Rolan Bell (Coalhouse Walker) and Claudia Kariuki (Sarah) in Ragtime at Regent's Park Open Air Theatre. Photo by Johan Persson
America at the turn of the 20th century.
Everyone should hitch a ride on the wheels of a dream and go to see this musical"
The USA was an entire world of possibilities; Harry Houdini springs magically from locked safes, J.P. Morgan is the richest man in the world and Evelyn Nesbitt is the gleeful and scantily clad Girl on the Swing. Here anyone has the chance to make something of themself. Or do they? Three groups of the American demographic; prospering WASPS, oppressed African Americans and hopeful immigrants are all present in the microcosmic America depicted on the stage. Despite all living in the iconic land of opportunity we see these opportunities vary depending upon religion, gender and skin colour. As we watch the USA of 1906 bubble before us in a haze of ragtime sounds we see the prejudices of 1906 shamefully mirroring those in the 21st century.
Rolan Bell (Coalhouse Walker) in Ragtime at Regent's Park Open Air Theatre. Photo by Johan Persson
Based upon Terrence McNally's adaptation of the E.L, Doctorow's 1975 novel, Ragtime the Musical is an insightful dramatisation of the American dream and its limitations. In downtown Harlem Coalhouse Walker Junior plays his new Ragtime sound for only one girl, Sarah, who has borne him a son. Full of plans for their future together and his head brimming with the equalitarian teachings of Booker T. Washington he believes that every man can receive justice. But when tragedy sees his new family ripped apart a violent disenchantment with this land he calls home soon follows. Rolan Bell plays Coalhouse with smooth confidence and passion, his deep voice smothering the stage in heartfelt solos. Claudia Kariuki makes her professional debut as Sarah. Giving a wonderfully natural performance her voice is strong and soulful.
Tateh arrives on USA soil on a Latvian ragship. His dreams of watching his little girl wearing pretty dresses and eating apple pie from a china plate are soon quashed as he plunges into the poverty experienced by so many Jewish immigrants. His love for his daughter spurs him on; refusing to relinquish his hope he is played with great physicality and zeal by John Marquez.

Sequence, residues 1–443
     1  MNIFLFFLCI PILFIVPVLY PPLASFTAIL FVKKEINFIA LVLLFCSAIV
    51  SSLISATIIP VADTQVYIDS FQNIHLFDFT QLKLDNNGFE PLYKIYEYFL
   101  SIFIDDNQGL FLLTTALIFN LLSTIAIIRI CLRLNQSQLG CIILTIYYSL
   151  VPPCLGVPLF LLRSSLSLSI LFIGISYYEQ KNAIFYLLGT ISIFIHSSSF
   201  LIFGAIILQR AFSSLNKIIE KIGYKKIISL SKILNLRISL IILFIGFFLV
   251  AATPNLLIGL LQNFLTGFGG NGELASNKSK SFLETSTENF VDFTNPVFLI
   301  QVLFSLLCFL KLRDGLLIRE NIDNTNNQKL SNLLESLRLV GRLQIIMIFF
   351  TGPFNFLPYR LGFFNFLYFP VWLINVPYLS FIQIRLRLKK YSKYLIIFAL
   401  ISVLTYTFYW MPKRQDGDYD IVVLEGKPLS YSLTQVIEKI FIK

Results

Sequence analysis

The Family represent the American upper crust; living in a big house with wealth and security they seem to have it all. This self made state of privilege goes hand in hand with bigotry which the Father hands out in abundance. Adversely, the Mother played by Rosalie Craig embodies all that is good and righteous in this land of the free. Dressed subtly in stars and stripes she is the country's hope.
The creative team have performed miracles. Set designer Jon Bausor has encapsulated America in a gritty junkyard littered with the commercial products of capitalism, which represent the supposed prosperity of the USA. The backdrop of a ripped Obama campaign poster deftly connects the unfilled aspirations of this century with those of the previous one. This is extended by the character's costumes switching from present day to period dress. The direction is slick; Timothy Sheader has created some fantastically cinematic scenes where the ensemble move in slow motion as smoke billows dramatically around them.
This was an absolute joy to watch with stunning performance from the entire cast dancing themselves dizzy as they sing their hearts out. Whilst still containing the vaudeville elements of the musical genre, this is a stark social commentary full of symbolism and harsh reality. The tinkling ragtime tunes punctuate the story beautifully, and the outdoor theatre couldn't have been a more perfect setting for the production. Everyone should hitch a ride on the wheels of a dream and go to see this musical.
Lila Heller (Little Girl) and John Marquez (Tateh) in Ragtime at Regent's Park Open Air Theatre. Photo by Johan Persson
Ragtime the Musical is at Regent's Park Open Air Theatre until 8 September 2012
Afridiziak Theatre News interview with Rolan Bell, Ragtime the Musical